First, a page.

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The Ukraine Crisis has shaken Global Financial Markets

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Conflict between Russia and Ukraine has been brewing for months. Financial markets around the world have already had an interesting start to the year. So far, the Ukraine crisis has played a relatively small part in this. But now that it is a full-scale conflict global markets are entering an uncertain and volatile new phase. Which will have implications for investments.

Here are some of the things that could affect your Investments.

Share markets will Fall – but they won’t necessarily stay down for long.
Most major financial markets have been under pressure since the start of the year, and the Ukraine conflict is adding momentum to the drop. This is because share markets don’t like uncertainty. Many investors will pull their money out and put it on the sidelines or invest in things that are seen as “safe havens” during times of conflict, like gold. As money moves out of share markets, share prices will fall.
But history also tells us that war tends to only cause temporary market dips. One of the rules of contrarian investing is to look for buying opportunities when other people are panicking. Warren Buffett, the world’s most successful investor, swears by this approach. It goes back as far as the early nineteenth century when savvy investors such as the Rothschilds made fortunes during the panic that followed the Battle of Waterloo.
This strategy relies on having a good active manager who can spot opportunities when they arise and act quickly to make the most of them. And it relies on investors not switching their investments to more conservative funds when they see markets falling.

Oil – and most other commodities – will go up
Russia is a major producer of oil. The conflict and sanctions will likely disrupt Russian oil exports. Natural gas is a big issue too because Europe relies on Russia for its supply. As a result, both fuels will likely increase in price. Oil is already around US$100 per barrel.
When oil goes up, most other commodities follow. This is particularly the case for food commodities. The added pressure from this conflict is that Russia and Ukraine supply around 25% of the world’s corn, and 20% of the world’s wheat. Russia is also a major producer of fossil-fuel-based fertilisers.
We’ll feel the effect of this in New Zealand too. Dairy farmers have had a record forecast price for milk solids this year. But much of this will be offset by the increasing cost of fertiliser, as well as fuel for machinery, processing and transport.
Increasing commodity prices are a major cause of inflation. And when inflation goes up, share markets tend to go down. One way to mitigate the impact is to invest directly in companies that produce commodities – oil companies for example. But this is likely to – and should – fall outside most managers’ responsible investment policies. Another way, which we use at NZ Funds, is to invest in commodities “futures contracts”. These provide exposure to changes in a commodity’s price without investing directly in the commodity itself, or the companies that produce it.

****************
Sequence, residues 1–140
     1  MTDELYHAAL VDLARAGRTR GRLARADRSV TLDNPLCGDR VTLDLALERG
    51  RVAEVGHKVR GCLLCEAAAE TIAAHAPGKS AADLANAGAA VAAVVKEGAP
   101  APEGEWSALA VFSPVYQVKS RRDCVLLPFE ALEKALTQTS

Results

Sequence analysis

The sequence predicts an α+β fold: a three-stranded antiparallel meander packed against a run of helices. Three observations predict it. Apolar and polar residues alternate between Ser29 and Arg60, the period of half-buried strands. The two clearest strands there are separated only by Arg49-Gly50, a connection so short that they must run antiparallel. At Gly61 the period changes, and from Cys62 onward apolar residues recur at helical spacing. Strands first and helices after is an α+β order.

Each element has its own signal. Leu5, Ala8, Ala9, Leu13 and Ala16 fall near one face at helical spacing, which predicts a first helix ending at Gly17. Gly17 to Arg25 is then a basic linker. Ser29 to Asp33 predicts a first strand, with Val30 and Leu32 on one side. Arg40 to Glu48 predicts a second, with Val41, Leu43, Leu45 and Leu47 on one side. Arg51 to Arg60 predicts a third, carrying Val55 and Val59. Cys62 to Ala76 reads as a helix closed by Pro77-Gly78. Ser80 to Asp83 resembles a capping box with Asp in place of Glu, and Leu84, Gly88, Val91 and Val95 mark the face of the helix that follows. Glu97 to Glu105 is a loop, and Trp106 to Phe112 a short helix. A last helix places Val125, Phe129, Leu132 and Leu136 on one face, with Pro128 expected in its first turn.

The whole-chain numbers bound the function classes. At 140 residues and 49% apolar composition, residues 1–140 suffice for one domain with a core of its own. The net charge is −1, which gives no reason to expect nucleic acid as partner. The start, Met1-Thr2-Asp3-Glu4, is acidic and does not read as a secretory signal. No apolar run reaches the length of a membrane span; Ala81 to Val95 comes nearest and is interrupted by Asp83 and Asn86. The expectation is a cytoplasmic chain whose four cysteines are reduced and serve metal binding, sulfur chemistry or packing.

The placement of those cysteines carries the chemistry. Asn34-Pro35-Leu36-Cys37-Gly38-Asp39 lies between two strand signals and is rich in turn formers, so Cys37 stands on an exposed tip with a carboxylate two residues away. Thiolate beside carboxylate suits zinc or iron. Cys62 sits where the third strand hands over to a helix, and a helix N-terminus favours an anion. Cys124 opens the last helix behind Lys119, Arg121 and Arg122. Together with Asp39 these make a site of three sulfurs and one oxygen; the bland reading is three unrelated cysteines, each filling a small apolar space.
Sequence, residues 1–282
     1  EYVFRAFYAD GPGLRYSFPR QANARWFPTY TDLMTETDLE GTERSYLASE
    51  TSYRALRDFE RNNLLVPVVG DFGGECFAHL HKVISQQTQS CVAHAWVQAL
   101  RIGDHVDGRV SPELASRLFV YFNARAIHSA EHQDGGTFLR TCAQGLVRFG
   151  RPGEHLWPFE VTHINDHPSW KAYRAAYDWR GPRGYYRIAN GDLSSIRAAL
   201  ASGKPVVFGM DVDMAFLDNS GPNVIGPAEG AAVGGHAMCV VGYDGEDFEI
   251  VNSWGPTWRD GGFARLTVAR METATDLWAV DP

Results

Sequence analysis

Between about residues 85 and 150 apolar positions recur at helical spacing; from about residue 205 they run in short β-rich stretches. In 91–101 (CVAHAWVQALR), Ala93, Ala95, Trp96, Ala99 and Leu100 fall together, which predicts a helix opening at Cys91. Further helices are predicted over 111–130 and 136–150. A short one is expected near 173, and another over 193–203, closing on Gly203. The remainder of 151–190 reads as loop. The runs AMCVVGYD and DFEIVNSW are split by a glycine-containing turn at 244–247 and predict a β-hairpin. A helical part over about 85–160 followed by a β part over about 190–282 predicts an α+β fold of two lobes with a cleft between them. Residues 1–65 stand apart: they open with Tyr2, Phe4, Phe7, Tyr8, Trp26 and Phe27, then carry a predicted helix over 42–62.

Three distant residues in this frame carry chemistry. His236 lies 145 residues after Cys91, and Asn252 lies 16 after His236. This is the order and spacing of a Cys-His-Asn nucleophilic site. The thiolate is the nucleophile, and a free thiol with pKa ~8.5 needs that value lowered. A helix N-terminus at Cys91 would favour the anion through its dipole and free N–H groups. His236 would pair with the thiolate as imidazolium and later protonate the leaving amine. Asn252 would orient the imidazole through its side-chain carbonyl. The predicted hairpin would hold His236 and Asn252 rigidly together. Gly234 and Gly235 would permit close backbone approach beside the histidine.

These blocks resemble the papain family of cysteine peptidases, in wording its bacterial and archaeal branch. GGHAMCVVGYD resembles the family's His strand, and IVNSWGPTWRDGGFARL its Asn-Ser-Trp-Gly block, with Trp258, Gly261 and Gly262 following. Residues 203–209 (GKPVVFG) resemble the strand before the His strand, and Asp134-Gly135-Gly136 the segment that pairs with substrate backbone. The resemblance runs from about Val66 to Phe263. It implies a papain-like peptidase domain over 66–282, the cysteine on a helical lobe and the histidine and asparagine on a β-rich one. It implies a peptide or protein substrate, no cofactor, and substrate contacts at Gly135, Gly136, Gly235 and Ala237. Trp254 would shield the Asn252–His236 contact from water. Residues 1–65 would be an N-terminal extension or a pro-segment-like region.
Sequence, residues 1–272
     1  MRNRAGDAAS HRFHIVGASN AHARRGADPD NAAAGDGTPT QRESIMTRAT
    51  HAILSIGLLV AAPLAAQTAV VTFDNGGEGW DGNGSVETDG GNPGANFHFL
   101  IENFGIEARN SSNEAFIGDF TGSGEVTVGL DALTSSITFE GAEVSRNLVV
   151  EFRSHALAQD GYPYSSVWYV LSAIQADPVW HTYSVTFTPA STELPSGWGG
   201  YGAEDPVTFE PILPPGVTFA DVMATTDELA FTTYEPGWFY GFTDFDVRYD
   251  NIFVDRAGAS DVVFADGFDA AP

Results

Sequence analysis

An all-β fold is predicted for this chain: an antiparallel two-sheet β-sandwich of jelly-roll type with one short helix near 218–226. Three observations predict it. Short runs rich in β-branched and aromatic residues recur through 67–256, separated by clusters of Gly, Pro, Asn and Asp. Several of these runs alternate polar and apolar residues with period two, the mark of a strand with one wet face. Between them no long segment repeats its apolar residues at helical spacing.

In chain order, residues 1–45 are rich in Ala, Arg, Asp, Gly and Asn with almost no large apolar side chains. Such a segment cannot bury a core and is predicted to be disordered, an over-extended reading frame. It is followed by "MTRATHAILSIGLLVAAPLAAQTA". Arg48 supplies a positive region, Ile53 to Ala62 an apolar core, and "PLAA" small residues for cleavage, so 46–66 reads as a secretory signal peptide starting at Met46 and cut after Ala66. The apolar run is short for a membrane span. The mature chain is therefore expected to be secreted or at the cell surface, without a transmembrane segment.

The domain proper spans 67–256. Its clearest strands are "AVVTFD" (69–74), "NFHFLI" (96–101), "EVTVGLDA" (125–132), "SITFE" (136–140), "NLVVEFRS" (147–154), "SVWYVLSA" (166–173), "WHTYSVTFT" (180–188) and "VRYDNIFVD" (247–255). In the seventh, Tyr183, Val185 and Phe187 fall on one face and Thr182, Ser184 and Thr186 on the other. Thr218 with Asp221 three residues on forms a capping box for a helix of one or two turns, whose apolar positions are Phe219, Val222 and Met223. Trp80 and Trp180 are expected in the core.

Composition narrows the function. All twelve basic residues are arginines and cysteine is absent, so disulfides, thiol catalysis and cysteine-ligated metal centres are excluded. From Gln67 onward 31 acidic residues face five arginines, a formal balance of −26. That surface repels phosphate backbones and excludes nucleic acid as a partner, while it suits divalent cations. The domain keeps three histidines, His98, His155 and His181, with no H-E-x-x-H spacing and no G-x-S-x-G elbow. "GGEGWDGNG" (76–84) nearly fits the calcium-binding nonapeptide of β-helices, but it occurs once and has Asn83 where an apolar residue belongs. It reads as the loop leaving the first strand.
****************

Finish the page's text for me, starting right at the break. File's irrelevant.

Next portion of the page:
“Deglobalisation” is likely to speed Up
Since the election of Donald Trump in 2016, there has been a growing move towards “deglobalisation” – countries turning away from cooperation and focusing instead on their own national interests. Much of the world’s economic growth over the past 40 years has been a direct result of globalisation, so this is a worrying trend.

What can people in investments like KiwiSaver do about it?
The Ukraine conflict will obviously speed up deglobalisation. It will have a substantial impact on European trade. And the longer the conflict goes on, other major economies will likely have to pick a side. The United States and Britain are clearly supporting Ukraine and the European Union. But China – historically a friend of Russia – has a less certain position. Sanctions and tariff wars could also create global disruption.
If global trade slows down, global growth will too. This could have widespread effects on all our lives, from house values to exports and the jobs market.

The best-case scenario is that the conflict is quickly resolved, and the world can move back towards some kind of normal balance. The worst case is that it becomes a prolonged war, with global implications. Moments like this are always a good time to remind yourself that KiwiSaver is a long-term investment. You may see changes in your balance. But the worst thing to do is make a decision based on short-term panic. If you are concerned please do not hesitate to contact me.

Want to find out more? Simply give Mark Jones a call on 0800 404 202 or send him a message.

This post has been provided for information purposes only and is not intended as a substitute for specific professional advice on investments, financial planning or any other matter. Read our disclaimer notice and privacy statement.